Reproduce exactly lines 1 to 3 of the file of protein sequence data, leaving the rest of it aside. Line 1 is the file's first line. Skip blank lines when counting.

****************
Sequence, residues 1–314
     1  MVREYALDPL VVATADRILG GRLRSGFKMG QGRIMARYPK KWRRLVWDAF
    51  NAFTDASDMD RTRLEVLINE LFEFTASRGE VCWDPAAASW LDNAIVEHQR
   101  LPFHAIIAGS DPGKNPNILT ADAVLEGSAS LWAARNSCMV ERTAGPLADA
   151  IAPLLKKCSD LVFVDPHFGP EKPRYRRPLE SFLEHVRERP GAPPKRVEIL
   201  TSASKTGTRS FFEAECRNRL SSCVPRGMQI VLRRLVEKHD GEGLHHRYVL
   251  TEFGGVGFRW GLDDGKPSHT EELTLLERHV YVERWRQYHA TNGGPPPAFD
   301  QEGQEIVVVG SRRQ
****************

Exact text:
Sequence, residues 1–314
     1  MVREYALDPL VVATADRILG GRLRSGFKMG QGRIMARYPK KWRRLVWDAF
    51  NAFTDASDMD RTRLEVLINE LFEFTASRGE VCWDPAAASW LDNAIVEHQR